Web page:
But alas, I witnessed the ugly side of Christmas "gifting" theother night on TV. Young kids opened "horrible" early Christmasgifts from "Santa" while their parents, barely able to containtheir stifled giggles, videotaped their precious progeny openingthese "horrible" gifts. The gag was about their kid's reaction upondiscovering the awful gift. It was supposed to be funny.Seriously?
Folks were invited to capture these hilarious (?) outcomes andsubmit them to a late-night TV show. And now, like really badholiday fruitcakes, these video bits are seeping all over theInternet. I hope I'm not being redundant when I say, "Bah!Humbug!!"
These "horrible" set-up gifts consisted of giving, for example,a boy gift to a girl, or a girl gift to a boy. Oh, hahaha. Orrigging a gaily wrapped package with an old hammer inside. Or apartially eaten sandwich. Or an old, rotten banana. Oh, stop me,please; I'm about to bust a gut here from laughing.
I won't depress you with the "fun" reactions these darlings hadupon opening their fake gift. Or the bad names kids were callingSanta - and their own parents. What I WILL tell you is that Iremember a lady who taught me many moons ago the proper way toaccept a gift - any gift, even a "horrible" one (such as socks).That lady was my mom.
Maybe it was because it was the '50s, and although the countrywas prospering, my upbringing was modest and, by golly, weappreciated every gift we got. And we said "thank you" for thosegifts. Even had that gift been an old, rotten banana.
These days, we get stuck between a rock and a hard place atChristmas. Commercialism has had its way with us over theintervening decades since I was a believer in Santa. Plus wereally, really love our kids and want them to have everything theirlittle hearts desire, right? Oh, yes, I succumbed to the siren'ssong of "more is better" at Christmas when my daughters weregrowing up. And again when the grandbabies started coming.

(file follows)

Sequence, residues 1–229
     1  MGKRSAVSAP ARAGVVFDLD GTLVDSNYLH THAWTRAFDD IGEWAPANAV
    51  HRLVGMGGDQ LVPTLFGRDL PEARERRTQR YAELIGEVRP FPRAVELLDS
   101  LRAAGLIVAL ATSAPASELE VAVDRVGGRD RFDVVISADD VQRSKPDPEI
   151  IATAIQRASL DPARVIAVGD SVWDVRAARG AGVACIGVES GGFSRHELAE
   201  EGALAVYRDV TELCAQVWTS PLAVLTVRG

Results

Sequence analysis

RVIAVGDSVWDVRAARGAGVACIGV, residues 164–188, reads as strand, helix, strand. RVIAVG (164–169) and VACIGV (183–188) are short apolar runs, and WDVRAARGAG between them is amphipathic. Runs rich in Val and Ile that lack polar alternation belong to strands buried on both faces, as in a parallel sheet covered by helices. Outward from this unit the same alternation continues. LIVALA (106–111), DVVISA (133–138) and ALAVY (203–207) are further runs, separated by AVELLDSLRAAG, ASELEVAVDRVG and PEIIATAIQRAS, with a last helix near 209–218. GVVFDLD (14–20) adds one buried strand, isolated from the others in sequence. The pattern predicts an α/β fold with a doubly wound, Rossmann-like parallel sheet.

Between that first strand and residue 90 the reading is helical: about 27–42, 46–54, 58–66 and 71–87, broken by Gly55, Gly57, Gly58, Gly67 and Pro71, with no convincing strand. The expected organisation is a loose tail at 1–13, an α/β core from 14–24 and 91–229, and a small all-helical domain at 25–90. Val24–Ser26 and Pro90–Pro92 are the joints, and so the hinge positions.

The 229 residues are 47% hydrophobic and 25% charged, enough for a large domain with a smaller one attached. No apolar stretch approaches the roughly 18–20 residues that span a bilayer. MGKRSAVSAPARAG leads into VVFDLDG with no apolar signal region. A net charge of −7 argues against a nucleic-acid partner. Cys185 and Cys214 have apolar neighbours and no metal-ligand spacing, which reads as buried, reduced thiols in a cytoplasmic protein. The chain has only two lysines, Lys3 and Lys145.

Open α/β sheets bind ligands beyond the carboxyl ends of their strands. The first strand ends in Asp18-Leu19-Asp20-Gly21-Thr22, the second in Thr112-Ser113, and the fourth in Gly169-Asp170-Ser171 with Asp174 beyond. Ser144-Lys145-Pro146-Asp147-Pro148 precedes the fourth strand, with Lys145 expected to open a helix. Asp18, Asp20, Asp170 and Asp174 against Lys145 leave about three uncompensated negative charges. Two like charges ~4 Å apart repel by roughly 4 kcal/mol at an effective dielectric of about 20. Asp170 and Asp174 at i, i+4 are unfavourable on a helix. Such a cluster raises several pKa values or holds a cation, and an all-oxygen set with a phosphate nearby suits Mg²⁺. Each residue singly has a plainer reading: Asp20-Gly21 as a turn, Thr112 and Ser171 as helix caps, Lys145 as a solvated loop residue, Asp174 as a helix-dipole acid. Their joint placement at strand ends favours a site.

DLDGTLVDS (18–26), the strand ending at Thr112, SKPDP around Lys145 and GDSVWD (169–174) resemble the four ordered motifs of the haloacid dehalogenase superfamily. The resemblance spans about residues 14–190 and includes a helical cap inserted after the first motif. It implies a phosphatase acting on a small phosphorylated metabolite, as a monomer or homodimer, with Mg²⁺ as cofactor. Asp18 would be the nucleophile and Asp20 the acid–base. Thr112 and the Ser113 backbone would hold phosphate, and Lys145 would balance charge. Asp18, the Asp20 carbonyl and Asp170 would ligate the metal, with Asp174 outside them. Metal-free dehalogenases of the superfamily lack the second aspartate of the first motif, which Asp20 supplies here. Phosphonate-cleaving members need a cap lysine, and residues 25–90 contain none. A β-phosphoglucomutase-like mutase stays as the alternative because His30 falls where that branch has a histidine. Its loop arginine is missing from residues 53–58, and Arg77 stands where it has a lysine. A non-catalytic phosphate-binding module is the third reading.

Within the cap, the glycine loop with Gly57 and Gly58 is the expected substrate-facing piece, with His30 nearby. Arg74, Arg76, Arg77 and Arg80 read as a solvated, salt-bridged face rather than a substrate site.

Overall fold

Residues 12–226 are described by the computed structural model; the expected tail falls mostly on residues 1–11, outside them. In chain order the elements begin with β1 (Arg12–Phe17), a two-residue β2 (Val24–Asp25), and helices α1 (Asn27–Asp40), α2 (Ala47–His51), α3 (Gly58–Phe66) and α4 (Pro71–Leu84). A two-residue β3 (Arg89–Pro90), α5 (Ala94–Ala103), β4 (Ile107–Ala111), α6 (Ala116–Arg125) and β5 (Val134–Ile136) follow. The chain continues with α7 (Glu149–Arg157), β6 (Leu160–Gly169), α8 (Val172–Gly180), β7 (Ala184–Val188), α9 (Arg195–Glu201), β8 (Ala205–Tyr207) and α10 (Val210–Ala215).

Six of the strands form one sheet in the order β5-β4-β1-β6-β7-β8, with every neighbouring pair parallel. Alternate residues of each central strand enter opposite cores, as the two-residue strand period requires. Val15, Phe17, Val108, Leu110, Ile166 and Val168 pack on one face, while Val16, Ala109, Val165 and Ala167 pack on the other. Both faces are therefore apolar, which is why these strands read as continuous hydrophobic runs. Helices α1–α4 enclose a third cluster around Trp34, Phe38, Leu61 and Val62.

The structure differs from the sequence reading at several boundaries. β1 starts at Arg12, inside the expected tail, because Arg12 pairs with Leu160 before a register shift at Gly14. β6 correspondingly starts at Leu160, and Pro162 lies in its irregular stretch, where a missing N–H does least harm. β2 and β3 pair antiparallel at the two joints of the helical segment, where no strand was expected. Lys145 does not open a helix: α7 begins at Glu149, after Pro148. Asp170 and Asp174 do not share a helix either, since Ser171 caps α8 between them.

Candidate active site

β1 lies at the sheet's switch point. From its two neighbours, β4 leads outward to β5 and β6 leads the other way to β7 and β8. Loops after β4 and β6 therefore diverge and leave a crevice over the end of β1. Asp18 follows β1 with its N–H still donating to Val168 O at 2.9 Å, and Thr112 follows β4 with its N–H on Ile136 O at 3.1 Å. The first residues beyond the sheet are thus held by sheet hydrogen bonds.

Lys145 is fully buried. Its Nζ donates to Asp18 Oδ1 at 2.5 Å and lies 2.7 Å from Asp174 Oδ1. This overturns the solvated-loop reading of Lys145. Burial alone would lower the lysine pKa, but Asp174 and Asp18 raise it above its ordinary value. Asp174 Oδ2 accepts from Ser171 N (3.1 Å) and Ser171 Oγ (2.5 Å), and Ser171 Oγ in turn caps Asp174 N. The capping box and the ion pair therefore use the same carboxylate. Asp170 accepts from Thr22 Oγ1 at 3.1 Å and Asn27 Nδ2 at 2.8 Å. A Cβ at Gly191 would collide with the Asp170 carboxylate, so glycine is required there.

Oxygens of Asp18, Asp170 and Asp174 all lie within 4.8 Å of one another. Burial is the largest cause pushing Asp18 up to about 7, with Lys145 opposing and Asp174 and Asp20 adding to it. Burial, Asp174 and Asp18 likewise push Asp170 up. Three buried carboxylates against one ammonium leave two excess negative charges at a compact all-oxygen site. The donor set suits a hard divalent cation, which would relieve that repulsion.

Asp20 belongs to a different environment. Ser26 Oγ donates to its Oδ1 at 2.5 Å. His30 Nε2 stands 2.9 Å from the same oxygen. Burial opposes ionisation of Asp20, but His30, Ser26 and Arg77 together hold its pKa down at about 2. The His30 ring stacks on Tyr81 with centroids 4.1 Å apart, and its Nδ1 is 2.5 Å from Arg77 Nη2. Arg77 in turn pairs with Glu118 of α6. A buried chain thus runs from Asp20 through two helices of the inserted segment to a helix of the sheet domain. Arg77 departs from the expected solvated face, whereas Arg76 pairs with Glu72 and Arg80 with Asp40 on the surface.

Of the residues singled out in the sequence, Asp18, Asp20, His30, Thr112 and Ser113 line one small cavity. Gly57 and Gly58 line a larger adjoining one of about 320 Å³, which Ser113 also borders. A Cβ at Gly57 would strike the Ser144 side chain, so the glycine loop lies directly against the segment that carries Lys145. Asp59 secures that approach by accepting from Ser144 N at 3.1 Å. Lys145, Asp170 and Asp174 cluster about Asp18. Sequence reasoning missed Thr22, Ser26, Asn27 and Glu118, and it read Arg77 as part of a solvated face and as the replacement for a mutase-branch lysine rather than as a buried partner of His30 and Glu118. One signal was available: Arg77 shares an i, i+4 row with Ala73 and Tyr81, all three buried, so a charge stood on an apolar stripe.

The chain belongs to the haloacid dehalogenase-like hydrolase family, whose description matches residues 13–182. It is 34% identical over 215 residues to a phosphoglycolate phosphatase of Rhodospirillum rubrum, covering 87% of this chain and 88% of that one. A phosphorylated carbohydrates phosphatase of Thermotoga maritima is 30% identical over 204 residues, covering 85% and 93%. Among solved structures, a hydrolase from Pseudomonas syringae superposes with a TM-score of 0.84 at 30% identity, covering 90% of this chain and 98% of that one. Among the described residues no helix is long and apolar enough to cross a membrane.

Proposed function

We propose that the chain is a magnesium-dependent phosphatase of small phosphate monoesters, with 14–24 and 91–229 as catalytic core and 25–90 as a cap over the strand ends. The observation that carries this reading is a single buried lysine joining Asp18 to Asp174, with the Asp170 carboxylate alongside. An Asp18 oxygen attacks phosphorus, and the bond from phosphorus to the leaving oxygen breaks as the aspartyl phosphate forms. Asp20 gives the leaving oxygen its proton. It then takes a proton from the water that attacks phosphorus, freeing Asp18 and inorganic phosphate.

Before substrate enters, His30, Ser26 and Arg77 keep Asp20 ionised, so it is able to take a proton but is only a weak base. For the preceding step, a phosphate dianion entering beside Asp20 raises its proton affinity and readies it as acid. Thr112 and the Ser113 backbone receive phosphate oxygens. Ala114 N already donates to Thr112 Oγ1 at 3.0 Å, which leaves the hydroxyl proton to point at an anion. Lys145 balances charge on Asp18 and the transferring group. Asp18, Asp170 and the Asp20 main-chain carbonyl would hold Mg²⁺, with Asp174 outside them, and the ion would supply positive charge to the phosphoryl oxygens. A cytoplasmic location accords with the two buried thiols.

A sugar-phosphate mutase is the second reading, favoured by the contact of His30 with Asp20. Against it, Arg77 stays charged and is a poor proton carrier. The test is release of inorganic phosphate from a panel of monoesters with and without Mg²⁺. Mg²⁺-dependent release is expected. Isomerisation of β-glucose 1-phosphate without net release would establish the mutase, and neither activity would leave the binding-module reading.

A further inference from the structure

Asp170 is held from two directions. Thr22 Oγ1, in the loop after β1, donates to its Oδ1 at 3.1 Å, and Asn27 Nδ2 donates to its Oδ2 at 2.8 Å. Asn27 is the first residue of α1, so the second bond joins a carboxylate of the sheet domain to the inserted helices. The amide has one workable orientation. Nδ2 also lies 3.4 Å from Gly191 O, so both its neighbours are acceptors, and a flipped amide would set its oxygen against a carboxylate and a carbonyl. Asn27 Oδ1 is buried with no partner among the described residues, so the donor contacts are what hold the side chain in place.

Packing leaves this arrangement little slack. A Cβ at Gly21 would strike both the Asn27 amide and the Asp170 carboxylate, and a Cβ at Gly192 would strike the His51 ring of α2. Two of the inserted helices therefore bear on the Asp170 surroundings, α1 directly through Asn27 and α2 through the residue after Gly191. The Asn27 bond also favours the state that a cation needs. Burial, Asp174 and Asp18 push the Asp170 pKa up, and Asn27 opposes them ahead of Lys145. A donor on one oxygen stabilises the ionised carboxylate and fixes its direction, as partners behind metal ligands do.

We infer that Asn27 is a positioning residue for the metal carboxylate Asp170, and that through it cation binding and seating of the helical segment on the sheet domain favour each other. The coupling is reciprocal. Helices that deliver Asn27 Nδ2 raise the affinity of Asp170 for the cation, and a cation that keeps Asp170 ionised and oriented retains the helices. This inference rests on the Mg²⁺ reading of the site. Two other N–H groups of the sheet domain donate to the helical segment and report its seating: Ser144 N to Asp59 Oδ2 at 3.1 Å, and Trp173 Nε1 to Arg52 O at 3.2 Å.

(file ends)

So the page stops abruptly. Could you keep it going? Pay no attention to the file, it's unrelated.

And then I wondered ... would my kids - and theirs - remembereach and every gift like I did when I was a little kid who believedSanta truly "heard" what I wanted for Christmas? Will gifts stillfeel so special when there is ever more and more "stuff" left underthe tree?
So this year I found myself wanting to change it up a bit. Andso did my daughters. We wanted to make Christmas feel magicalagain, but not by raining down multitudes of gifts upon theprecious heads of our progeny. We started discussing "experiencegifts." Spending time together, doing things as a family. Creatingtraditions. And lasting memories, such as this one:
Last year one of my good friends, her hubby and granddaughterfound a needy family and helped make a memorable Christmas forthem. Bought a tree, a stand, a few ornaments and gifts - even agift card for the supermarket so the family could enjoy a niceChristmas dinner. Then they hauled the whole shebang to thefamily's cramped apartment in a not-so-great neighborhood in SanJose.
Wow - what a concept! Finding Christmas somewhere other than themall: now maybe that's the spirit of Christmas!
So perhaps this year we can remember those ungrateful kids on TVwho were taken for a fall by their very own parents because maybe,just maybe, the attitude of gratitude is a lesson that could belearned again. Even if it's for something as ordinary as a rotten,old banana.
Here's wishing that the gifts of peace, love and joy are underyour tree at Christmas.
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